Of course, being a peking duck fan, I was very keen and signed up for the dinner right away!  Between the four of us, we ordered one peking duck, one kung pao chicken, one dry sauteed string beans, and one grand marnier prawns.  According to several people on yelp and menupages, the grand marnier prawns are a must-try, so that was definitely on my radar.

The waiter brought out the roasted peking duck for our approval, and then went away to slice it up for us and roll them into pancakes.  There was no tableside carving, but that didn't bother me too much.  We each got 2 peking duck rolls... the pancakes themselves looked off.  They didn't look like normal peking duck pancakes, but more like burrito tortillas!  (I give my fiance credit on that one this time.)  They were charred and not soft like normal.  The duck inside was no better - where was the skin/fat/thinly sliced duck?  It was more like duck chunks inside.  The texture was yucky.  Plus, they had the spring onions in there which I really don't like.  I would've rathered they let us pack and roll our own peking duck.  Anyway, that was a definite bust... by far the worst peking duck I've ever tasted.  No offense, Emma Bella!!  This in no way affected my opinion of you as a friend... Haha!!

The other 3 dishes were served to us rather strangely by Chinese standards, and by that I mean not family style.  They actually divvied up the 3 entrees into 4 separate plates so we each had our own plate to eat from.  The remainder of the food was okay, but definitely not anything to write home about. 
The grand marnier prawns were cooked with mayonnaise, which I've had before... but it wasn't review-worthy by any stretch of the imagination.  I was not impressed with anything regarding the meal, aside from Emma Bella's stealthy arm.  He was amazing at re-filling our tea cups from across the table without anyone noticing!  :)


Decor/ambience: 3 out of 5 (the decor looks relatively classy, and there are private rooms near the entrance)
Food: 1 out of 5 (I don't know how this really counts as Chinese food...)
Service: 2.5 out of 5 (there were a few waiters who barely understood English)
Value: 1 out of 5 (the $40 peking duck was downright awful)
"It" factor: 0 out of 5
M&M's overall satisfaction: 1 out of 5

Bottom-line: It was really fun hanging out with friends and the overall conversation and joviality fortunately distracted from the fact that the food was terrible.  You couldn't pay me to come back here!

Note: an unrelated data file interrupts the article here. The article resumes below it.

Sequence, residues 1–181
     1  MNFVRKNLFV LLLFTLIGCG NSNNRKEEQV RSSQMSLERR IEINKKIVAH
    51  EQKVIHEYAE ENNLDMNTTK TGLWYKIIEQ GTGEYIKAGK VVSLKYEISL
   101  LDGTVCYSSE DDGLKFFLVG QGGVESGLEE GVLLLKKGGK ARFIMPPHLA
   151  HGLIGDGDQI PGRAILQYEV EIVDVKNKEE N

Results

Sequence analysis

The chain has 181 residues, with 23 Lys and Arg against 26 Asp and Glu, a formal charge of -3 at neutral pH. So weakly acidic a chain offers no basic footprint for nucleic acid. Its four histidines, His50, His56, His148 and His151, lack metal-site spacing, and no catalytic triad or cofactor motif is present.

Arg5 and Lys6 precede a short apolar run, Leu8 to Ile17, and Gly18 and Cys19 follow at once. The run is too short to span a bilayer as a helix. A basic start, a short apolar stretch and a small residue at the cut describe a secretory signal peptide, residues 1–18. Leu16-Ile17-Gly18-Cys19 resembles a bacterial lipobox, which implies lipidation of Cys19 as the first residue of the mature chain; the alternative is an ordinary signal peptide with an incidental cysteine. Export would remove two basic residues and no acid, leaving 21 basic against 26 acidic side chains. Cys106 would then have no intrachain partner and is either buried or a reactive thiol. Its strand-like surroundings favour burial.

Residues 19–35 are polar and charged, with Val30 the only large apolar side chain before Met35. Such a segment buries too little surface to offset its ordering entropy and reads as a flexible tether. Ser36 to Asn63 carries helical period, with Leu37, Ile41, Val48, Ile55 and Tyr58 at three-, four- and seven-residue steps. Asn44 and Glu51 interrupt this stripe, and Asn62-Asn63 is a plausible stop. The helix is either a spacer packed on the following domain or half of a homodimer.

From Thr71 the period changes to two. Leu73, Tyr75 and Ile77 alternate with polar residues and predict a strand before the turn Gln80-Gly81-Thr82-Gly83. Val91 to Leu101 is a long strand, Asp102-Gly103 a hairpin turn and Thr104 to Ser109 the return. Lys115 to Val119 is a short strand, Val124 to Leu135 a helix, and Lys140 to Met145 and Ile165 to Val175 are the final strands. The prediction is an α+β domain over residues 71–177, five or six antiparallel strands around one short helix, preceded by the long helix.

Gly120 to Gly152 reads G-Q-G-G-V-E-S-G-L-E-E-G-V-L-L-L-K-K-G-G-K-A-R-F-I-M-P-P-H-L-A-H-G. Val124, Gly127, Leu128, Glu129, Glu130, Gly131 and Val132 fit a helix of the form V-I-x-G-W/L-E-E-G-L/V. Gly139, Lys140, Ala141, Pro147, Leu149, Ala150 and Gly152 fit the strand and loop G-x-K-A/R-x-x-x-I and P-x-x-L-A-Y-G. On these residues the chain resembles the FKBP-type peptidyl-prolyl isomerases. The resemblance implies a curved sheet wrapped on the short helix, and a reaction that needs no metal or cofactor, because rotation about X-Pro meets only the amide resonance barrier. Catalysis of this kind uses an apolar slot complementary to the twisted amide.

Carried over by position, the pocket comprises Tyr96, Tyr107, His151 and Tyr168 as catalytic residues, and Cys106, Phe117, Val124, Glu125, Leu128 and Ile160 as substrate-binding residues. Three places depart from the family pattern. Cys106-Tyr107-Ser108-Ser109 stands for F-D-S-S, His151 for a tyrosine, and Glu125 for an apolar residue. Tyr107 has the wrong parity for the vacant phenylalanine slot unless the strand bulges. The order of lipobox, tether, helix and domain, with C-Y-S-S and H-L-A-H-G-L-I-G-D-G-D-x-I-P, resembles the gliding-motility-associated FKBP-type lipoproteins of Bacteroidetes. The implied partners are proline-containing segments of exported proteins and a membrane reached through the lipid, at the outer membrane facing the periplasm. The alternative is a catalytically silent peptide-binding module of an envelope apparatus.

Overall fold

A mirror in the middle of the restaurant makes the hall look doubly long

Friday, February 12, 2010

Gong Xi Fa Cai!

Happy Chinese New Year!!!  May you all have a happy and prosperous year of the tiger!

I'm sure Chinese New Year means a lot of different things to different people.  Growing up in Taiwan, I had the luxury of experiencing an authentic CNY experience for 13 years.  When my sister and I were young, our dad would buy a myriad of fireworks/firecrackers/sparklers and set them off in our backyard.  It was loud, dangerous and awesome all at the same time.  CNY also always meant angpows (red envelopes with money) would be coming our way!  That was definitely a highlight for my sister and me, and we'd often stay awake until midnight so that we could collect our angpows.  My dad would always host a CNY party at our house for his work colleagues, and every year we would cater a different kind of food.  Sometimes we did Mongolian BBQ (with the big grill and all!) and I remember one year we had Indian food (don't ask me how that makes sense...).  My dad and his buddies would always be sitting around the table playing poker and gin rummy, while the ladies would be chatting with us and our mom.  Those were fun times.  :)  As we got older, fireworks/firecrackers became illegal for purchase... but the fun didn't stop there.  Instead of obliging by the law, our driver would take us to hardware shops and after some schmoozing, the storekeepers would lead us down to their basement where whaddya know, they had a large contraband stash of firecrackers that they were happy to sell to us!  Oh, what great times we had in Taiwan.